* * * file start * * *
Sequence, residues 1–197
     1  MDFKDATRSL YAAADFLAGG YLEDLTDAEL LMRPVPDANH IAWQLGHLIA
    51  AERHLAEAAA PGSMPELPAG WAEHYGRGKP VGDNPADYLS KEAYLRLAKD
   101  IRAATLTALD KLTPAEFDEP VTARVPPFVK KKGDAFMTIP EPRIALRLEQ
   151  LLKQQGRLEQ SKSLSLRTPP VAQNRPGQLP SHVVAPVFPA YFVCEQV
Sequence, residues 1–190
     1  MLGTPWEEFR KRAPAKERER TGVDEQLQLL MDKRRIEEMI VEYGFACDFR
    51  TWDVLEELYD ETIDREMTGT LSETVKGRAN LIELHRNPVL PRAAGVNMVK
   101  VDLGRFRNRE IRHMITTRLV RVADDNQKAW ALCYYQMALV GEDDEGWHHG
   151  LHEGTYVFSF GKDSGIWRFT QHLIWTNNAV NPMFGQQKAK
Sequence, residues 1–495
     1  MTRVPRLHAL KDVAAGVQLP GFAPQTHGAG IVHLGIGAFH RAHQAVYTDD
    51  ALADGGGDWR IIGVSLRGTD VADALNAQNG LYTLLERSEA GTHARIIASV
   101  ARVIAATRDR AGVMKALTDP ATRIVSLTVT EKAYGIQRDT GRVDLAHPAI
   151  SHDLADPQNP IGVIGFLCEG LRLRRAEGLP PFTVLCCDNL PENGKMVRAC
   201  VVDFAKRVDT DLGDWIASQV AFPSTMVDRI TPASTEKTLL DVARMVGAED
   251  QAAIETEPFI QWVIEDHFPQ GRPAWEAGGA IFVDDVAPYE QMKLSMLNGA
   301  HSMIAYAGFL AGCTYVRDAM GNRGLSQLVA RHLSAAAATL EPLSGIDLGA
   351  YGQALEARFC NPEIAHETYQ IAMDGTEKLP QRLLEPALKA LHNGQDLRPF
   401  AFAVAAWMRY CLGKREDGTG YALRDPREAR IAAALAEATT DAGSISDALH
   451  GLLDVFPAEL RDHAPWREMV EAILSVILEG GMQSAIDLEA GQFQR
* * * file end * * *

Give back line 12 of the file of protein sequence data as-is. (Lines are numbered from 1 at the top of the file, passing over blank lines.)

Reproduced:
     1  MTRVPRLHAL KDVAAGVQLP GFAPQTHGAG IVHLGIGAFH RAHQAVYTDD